New Economics Papers
on Financial Markets
Issue of 2008‒12‒01
three papers chosen by

  1. Behind the 2008 Capital Market Collapse By C-René Dominique
  2. Models for Moody’s bank ratings By Peresetsky , Anatoly; Karminsky, Alexander
  3. A value at risk analysis of credit default swaps. By Burkhard Raunig; Martin Scheicher

  1. By: C-René Dominique
    Abstract: Greed and the unethical behavior of financial institutions obviously played a part in the collapse of the world capital market in 2008. But, this paper argues that the main culprits are the neo-liberal ideology (requiring ever smaller gov-ernments and privatization) and the flawed theories of risk assessment. It also finds that given the fact that market economies are fractal structures, the objective assessment and / or the quantification of risks is not even possible. It concludes with some recommendations as to how to avoid future collapses.
    Keywords: Efficiency and self-correction in market economies; Linear-positive and non-linear modelings; creative destruction of coefficients; determinism and randomness, and risk assessment.
    JEL: E22
    Date: 2008–10–26
  2. By: Peresetsky , Anatoly (BOFIT); Karminsky, Alexander (BOFIT)
    Abstract: The paper presents an econometric study of the two bank ratings assigned by Moody's Investors Service. According to Moody’s methodology, foreign-currency long-term deposit ratings are assigned on the basis of Bank Financial Strength Ratings (BFSR), taking into account “external bank support factors” (joint-default analysis, JDA). Models for the (unobserved) external support are presented, and we find that models based solely on public information can reasonably well approximate the ratings. It appears that the observed rating degradation can be explained by growth of the banking system as a whole. Moody’s has a special approach for banks in developing countries and Russia in particular. The models help reveal the factors that are important for external bank support.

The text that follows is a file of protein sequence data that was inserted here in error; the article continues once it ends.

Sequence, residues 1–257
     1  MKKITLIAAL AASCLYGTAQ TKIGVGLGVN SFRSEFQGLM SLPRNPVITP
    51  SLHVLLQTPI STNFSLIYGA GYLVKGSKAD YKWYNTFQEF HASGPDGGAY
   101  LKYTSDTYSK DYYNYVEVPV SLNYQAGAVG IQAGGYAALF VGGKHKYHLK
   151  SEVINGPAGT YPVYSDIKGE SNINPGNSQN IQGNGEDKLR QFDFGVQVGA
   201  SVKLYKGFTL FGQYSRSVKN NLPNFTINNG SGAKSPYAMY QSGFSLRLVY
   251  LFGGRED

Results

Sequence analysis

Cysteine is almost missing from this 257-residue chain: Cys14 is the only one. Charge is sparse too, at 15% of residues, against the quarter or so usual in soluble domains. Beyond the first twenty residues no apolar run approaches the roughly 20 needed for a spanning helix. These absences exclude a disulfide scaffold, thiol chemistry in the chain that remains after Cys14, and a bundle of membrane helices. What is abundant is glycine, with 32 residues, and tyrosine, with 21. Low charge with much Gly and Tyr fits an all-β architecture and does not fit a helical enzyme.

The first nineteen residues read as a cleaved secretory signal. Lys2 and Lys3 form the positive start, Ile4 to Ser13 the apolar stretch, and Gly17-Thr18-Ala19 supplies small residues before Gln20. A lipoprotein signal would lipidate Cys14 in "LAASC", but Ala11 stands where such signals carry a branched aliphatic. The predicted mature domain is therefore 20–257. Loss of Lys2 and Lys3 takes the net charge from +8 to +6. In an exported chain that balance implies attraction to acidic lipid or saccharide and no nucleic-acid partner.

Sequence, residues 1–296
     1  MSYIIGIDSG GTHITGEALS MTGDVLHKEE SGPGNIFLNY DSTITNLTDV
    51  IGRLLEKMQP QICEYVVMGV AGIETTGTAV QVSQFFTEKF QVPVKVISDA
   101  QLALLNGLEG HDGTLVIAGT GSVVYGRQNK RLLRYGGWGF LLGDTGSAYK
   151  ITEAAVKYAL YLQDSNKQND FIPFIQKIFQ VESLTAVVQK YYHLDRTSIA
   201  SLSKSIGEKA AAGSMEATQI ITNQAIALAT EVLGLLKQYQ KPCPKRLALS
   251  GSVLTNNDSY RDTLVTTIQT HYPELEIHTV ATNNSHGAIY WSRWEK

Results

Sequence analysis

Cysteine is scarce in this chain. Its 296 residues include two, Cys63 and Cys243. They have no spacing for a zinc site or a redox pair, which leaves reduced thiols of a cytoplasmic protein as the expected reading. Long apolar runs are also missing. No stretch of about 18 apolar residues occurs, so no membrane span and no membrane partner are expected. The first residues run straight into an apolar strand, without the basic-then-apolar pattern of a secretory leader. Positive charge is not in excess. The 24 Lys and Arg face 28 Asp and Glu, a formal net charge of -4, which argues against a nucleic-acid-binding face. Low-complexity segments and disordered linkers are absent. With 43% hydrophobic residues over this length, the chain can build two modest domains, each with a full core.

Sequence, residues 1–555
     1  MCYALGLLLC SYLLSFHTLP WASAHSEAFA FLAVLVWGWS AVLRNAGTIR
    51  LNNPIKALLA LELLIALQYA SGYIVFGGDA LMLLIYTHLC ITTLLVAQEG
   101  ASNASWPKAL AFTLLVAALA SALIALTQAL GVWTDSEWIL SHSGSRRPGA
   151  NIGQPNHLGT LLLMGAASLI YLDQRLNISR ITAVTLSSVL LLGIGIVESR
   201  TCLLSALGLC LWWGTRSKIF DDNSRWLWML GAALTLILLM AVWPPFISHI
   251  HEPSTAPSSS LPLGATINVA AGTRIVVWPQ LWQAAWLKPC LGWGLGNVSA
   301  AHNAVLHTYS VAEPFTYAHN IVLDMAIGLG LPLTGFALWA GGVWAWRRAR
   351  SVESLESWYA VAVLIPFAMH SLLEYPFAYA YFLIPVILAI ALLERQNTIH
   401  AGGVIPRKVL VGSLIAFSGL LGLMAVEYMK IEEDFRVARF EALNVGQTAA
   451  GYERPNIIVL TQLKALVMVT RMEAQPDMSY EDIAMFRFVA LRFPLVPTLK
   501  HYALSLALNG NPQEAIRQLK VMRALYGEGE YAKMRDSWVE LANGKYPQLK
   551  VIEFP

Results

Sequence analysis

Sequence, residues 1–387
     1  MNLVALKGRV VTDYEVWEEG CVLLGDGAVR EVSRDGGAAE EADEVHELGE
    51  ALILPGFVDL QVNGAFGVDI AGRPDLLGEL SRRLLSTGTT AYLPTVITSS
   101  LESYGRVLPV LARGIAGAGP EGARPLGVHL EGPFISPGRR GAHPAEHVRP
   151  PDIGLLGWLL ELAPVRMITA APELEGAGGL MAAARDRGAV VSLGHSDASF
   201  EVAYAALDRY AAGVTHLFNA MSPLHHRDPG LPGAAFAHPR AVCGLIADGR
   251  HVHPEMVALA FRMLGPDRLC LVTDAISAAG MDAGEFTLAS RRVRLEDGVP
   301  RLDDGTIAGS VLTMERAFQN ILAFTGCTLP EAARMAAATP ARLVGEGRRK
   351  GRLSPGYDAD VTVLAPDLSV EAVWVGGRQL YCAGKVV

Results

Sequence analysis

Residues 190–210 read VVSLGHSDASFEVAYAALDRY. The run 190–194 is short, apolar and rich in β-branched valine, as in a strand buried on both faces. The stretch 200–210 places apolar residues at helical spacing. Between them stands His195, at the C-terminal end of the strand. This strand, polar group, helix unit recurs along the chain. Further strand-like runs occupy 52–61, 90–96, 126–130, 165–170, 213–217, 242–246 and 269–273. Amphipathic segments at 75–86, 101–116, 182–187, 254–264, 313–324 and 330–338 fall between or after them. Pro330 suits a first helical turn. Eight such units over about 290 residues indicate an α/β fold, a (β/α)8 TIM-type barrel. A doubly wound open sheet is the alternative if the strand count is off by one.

Keywords: banks; ratings; rating model; risk evaluation; early warning system
    JEL: G21 G32
    Date: 2008–11–21
  3. By: Burkhard Raunig (Oesterreichische Nationalbank, Otto-Wagner-Platz 3, A–1011 Vienna, Austria.); Martin Scheicher (European Central Bank, Kaiserstrasse 29, 60311 Frankfurt am Main, Germany.)
    Abstract: We investigate the risk of holding credit default swaps (CDS) in the trading book and compare the Value at Risk (VaR) of a CDS position to the VaR for investing in the respective firm’s equity using a sample of CDS – stock price pairs for 86 actively traded firms over the period from March 2003 to October 2006. We find that the VaR for a stock is usually far larger than the VaR for a position in the same firm’s CDS. However, the ratio between CDS and equity VaR is markedly smaller for firms with high credit risk. The ratio also declines for longer holding periods. We also observe a positive correlation between CDS and equity VaR. Panel regressions suggest that our findings are consistent with qualitative predictions of the Merton (1974) model. JEL Classification: E43, G12, G13.
    Keywords: Credit Default Swap, Value at Risk, Structural Credit Risk Models.
    Date: 2008–11

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